11 May 2016
I find that two positive factors enhance my capacity to endure committee meetings: the quality of the coffee available, and the number of windows allowing natural light to pour into the room.
I spent much of this afternoon at an academic meeting in the newly-fitted West Theatre Board Room in Trinity College Dublin.
The coffee was good, and the four large windows allowed plenty of natural light to stream into the room from Front Square, despite the rain outside.
Of course, committee meetings are an essential part of the academic working life, and as I sat beneath a newly-restored portrait of Bishop George Berkeley (1658-1753), I was reminded of how he once said “there can be no such thing as a happy life without labour.”
Having bought a collection of Philip Larkin’s poetry earlier this week, I also recalled how in a sequel to the poem ‘Toads Revisited,’ Larkin acknowledged in middle age that he rather liked the “old toad” of work.
As a philosopher, Berkeley’s primary achievement was the advancement of a theory he called “immaterialism” and which was later referred to as “subjective idealism.” This theory denies the existence of material substance and instead contends that familiar objects like tables and chairs are only ideas in the minds of perceivers, and as a result cannot exist without being perceived. Berkeley is also known for his critique of abstraction, an important premise in his argument for immaterialism.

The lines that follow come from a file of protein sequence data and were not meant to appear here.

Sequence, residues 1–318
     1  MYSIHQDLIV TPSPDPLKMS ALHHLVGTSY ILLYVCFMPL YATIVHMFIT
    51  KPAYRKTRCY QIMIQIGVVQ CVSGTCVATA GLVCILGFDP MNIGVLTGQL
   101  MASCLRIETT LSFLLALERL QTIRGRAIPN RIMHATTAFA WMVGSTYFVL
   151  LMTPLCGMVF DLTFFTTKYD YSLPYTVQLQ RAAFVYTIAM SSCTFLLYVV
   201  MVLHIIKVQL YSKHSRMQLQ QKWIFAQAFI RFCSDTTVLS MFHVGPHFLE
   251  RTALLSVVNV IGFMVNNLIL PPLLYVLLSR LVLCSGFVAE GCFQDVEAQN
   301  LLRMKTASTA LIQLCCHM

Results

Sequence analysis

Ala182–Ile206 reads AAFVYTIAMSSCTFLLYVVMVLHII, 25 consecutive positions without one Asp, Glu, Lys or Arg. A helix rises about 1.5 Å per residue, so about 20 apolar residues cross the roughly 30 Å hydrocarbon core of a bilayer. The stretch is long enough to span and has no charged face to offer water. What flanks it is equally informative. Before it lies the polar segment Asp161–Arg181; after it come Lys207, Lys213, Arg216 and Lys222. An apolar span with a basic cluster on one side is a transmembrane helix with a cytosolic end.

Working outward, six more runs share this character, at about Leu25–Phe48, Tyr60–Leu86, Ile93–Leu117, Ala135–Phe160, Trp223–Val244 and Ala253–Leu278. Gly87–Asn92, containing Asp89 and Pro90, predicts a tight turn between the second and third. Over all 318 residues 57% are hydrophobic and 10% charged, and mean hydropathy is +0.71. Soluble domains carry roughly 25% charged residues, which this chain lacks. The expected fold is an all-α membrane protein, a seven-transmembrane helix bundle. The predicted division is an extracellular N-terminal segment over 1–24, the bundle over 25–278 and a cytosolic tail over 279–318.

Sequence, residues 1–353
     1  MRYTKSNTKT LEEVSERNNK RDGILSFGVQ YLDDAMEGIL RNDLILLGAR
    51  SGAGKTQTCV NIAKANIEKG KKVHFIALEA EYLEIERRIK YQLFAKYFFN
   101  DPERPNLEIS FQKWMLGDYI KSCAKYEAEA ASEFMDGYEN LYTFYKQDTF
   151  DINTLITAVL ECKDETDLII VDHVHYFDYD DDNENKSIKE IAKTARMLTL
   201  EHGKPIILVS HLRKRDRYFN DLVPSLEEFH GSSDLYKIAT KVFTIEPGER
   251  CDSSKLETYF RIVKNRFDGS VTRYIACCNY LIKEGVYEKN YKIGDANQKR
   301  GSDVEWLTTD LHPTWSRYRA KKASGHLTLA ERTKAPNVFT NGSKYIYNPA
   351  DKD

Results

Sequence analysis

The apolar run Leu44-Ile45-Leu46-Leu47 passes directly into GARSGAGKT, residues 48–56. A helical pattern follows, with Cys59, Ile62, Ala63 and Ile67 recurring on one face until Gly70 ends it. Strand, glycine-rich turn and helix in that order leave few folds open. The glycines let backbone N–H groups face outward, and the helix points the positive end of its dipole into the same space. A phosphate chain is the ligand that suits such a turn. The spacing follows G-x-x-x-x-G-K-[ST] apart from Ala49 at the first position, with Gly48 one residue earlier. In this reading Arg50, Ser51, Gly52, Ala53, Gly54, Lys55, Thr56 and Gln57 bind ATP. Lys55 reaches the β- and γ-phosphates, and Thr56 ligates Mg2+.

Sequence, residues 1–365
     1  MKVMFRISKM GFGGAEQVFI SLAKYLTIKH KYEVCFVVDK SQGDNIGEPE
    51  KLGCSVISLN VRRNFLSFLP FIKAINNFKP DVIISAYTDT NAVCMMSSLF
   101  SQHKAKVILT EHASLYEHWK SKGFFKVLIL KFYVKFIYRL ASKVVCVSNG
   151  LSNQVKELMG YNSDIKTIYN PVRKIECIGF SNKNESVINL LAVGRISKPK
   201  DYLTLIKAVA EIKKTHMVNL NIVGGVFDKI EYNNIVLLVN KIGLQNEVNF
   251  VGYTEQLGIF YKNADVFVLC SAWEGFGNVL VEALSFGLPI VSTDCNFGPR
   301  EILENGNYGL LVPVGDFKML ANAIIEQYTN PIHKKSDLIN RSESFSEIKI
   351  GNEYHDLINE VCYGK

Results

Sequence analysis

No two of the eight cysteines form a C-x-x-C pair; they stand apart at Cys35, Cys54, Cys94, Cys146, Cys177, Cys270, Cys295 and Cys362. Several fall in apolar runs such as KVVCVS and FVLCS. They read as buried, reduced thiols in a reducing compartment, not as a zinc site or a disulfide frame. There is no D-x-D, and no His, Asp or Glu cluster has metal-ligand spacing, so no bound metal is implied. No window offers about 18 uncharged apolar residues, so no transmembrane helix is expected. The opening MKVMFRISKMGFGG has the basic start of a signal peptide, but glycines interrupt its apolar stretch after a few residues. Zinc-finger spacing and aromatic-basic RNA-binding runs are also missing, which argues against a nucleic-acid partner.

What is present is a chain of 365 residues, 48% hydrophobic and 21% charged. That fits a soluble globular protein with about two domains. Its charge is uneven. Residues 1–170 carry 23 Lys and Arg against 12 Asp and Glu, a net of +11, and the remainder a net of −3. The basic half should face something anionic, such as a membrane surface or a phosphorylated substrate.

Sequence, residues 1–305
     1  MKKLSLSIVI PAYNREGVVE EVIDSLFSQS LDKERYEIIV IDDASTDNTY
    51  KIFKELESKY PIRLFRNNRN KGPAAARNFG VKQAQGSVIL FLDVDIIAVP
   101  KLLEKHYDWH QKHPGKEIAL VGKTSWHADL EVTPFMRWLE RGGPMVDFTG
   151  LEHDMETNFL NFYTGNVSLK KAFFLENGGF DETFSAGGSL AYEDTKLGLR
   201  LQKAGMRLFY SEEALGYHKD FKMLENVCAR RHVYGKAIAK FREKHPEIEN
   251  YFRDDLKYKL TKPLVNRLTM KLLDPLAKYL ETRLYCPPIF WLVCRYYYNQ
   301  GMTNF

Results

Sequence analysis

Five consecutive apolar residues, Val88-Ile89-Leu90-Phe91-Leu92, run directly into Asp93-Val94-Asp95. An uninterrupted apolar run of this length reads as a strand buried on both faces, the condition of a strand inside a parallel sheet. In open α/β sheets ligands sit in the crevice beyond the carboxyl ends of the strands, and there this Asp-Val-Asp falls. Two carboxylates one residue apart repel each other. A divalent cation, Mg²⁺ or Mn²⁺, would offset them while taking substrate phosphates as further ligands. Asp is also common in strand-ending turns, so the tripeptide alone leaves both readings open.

Berkeley was born at Dysart Castle, near Thomastown, Co Kilkenny, and was educated at Kilkenny College and Trinity College Dublin, where he earned his BA in 1704 and his MA in 1707, when he was elected a Fellow of TCD. He was recently described by The Irish Times as “probably the university’s most celebrated alumnus.”
He stayed on at TCD as a tutor and lecturer in Greek, and in 1709 published his first major work, An Essay towards a New Theory of Vision, in which he discussed the limitations of human vision and advanced the theory that the proper objects of sight are not material objects, but light and colour. This foreshadowed his chief philosophical work, A Treatise Concerning the Principles of Human Knowledge (1710). After its poor reception, he rewrote this in dialogue form and published it under the title Three Dialogues between Hylas and Philonous (1713).
He was ordained in the Church of Ireland in 1721, completed his Doctorate in Divinity (DD), and remained a little longer at TCD, lecturing in theology and Hebrew. In 1722 he was appointed Dean of Dromore, and in 1724 he became Dean of Derry.
In 1732, he published Alciphron, a Christian apologetic against free-thinkers, and in 1734 he published The Analyst, a critique of the foundations of calculus.
In 1733, he was appointed Bishop of Cloyne, a position he was to hold until his death. His last major philosophical work was Siris (1744).
There was a renewed interest in Berkeley’s work after World War II because he tackled many of the issues of paramount interest to philosophy in the 20th century, such as the problems of perception, the difference between primary and secondary qualities, and the importance of language.